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‘Jungle Cruise’ Is An Entertaining Ride Along The Amazon River – Review

So, Dwayne “The Rock” Johnson and Emily Blunt meet each other in a bar alongside the Amazon River… No, this is not the beginning of some corny joke (of which Jungle Cruise has many, thanks to Johnson’s Frank firing off ‘dad’ jokes like they’re going out of style), this is quite literally a plot point in Disney’s latest adventure film, Jungle Cruise.

Emily Blunt as Lily, Dwayne Johnson as Frank and Jack Whitehall as MacGregor in Jungle Cruise. (Courtesy of Walt Disney Studios)

Dr. Lily Houghton (Blunt) is on a mission to find the Tears of the Moon, a tree now that grows petals capable of curing any illness or injury and lift any curse. While it is believed to be nothing more than a myth, Houghton, with the help of her brother MacGregor (Jack Whitehall), detail Lily’s research to an association of Royal Society explorers in an effort to gain access to an arrowhead she believes is the key to locating the fabled tree. Of course, the Royal Society denies them access because why on earth would they ever allow a woman into their ranks? So, what does Lily do? Well, she does what any woman would and that is taking matters into her own hands.

Lily steals the arrowhead from the Royal Society, having a run-in with Prince Joachim (Jesse Plemons), an entitled German aristocrat who wants the arrowhead and to find the location of the tree for his own selfish gains. Lily knows she has to move quickly because danger is closing in fast, and with her brother in tow, she embarks on a brand new adventure to the Amazon river. Requiring assistance navigating the river, Lily enlists the help of Frank (and his riverboat) to complete their quest, facing probably peril along the way.

Emily Blunt as Lily and Dwayne Johnson as Frank in Jungle Cruise. (Courtesy of Walt Disney Studios)
Emily Blunt as Lily and Dwayne Johnson as Frank in Jungle Cruise. (Courtesy of Walt Disney Studios)

Based on the popular Disney theme park attraction of the same name,  Jungle Cruise feels like the offspring of Pirates of the Caribbean and The Mummy, with a sprinkling of Indiana Jones. While not necessarily as good as the aforementioned films, it certainly gives off similar vibes of all three. While the story is formulaic in terms of typical action-adventure tales, it really does shine with the chemistry between its leads. Both Blunt and Johnson are a joy to watch and the pair really do take the fun up a few notches – which I don’t think would have been the case had other actors been tackling the lead roles. There’s just something about their banter that will have you simultaneously laughing and ‘awwing’, and this is where the comparison to The Mummy comes in. Blunt’s Lily and Johnson’s Frank are Evie and Rick for a new generation of movie-goers.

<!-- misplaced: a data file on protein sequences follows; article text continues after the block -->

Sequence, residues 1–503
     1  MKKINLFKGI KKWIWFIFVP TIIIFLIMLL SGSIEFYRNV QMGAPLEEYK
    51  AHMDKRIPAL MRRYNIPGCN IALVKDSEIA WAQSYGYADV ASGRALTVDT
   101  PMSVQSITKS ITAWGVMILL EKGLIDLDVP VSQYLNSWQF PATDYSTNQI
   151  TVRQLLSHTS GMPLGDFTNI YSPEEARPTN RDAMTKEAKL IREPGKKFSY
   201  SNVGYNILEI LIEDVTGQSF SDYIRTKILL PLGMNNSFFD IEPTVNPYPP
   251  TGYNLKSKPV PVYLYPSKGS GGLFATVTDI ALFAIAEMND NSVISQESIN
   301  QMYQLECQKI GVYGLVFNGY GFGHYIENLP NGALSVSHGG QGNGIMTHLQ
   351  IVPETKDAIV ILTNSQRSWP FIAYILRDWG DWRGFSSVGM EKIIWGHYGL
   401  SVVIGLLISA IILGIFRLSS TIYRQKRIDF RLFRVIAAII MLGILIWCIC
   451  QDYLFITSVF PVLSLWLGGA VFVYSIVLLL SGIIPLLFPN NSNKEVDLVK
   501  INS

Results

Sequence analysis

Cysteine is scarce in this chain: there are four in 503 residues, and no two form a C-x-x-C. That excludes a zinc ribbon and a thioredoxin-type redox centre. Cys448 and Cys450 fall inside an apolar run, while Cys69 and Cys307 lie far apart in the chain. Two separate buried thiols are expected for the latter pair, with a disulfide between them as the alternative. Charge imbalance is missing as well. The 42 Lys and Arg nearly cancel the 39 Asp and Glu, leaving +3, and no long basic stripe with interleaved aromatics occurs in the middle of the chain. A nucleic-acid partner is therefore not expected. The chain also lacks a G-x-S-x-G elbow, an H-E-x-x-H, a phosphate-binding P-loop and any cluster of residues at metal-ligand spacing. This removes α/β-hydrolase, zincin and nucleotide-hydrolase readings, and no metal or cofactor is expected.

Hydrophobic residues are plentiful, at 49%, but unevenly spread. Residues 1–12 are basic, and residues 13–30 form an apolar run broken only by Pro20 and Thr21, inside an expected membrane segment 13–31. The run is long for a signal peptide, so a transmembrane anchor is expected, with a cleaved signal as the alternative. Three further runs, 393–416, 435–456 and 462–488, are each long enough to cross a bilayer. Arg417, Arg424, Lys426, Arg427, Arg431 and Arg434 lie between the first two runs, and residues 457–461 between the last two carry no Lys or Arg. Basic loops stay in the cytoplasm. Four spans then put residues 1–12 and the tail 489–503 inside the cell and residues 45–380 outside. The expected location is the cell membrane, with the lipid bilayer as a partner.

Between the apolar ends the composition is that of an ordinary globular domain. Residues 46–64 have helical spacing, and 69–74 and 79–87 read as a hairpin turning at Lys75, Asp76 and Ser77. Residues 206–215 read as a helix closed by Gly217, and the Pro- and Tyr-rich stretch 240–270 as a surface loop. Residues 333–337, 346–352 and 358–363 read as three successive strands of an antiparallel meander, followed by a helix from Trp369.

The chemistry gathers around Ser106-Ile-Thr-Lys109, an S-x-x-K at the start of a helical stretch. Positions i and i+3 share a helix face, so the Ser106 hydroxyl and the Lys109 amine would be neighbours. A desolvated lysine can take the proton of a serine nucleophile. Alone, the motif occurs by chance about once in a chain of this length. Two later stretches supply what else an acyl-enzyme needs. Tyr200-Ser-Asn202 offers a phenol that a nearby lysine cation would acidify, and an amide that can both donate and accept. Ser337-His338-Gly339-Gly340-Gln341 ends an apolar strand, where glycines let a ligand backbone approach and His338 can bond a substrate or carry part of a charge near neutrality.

In addition to the performances of Blunt and Johnson, Whitehall holds his own as MacGregor and is part of some of the film’s funnier moments. However, the standout was certainly Plemons as Prince Joachim. If you’ve seen Game Night (and if you haven’t, you really should), you’d already know that Plemons’ comedic timing is impeccable. While Plemons doesn’t have as much screen time as his colleagues, he gives his all to the character with the time he’s given. Joining Plemons with a penchant for villainy is Edgar Ramirez as the former conquistador named Aguirre. While the design and presence of Aguirre are frightening, Ramirez isn’t given nearly enough to do. Based on the elements that Jungle Cruise gives audiences, one would think that his villain would be akin to Captain Barbossa or Davy Jones of Pirates of the Caribbean, however, he, unfortunately, seems to be a watered-down version of the pair. This is mostly due to lack of screen time and I do wish we’d been able to see more of Aguirre.

Edgar Ramirez as Aguirre in Jungle Cruise. (Courtesy of Walt Disney Studios)

Now, although Jungle Cruise is entertaining, for the most part, it would be remiss of me not to mention that it does have some shortcomings outside of the lack of screen time for certain characters. Jungle Cruise doesn’t really do enough to set itself apart from other films in the same vein. This becomes a problem when you realize that all this does is show that those other films do many things much better than Jungle Cruise. In addition to this, there is a specific scene that showcases a flashback featuring Aguirre that just did not sit well with me (you’ll know it when you see it). All of this is to say that while the film is entertaining, these kinds of plot points really take you out of the experience for a moment and unfortunately stop Jungle Cruise from being a great film.

That being said, the movie is still an entertaining watch that is likely to leave the majority of viewers satisfied. So if you’re looking for an effervescent exploit along the Amazon river, then Jungle Cruise is the movie for you. 

Rating: 7/10

Jungle Cruise hits theatres on July 30.

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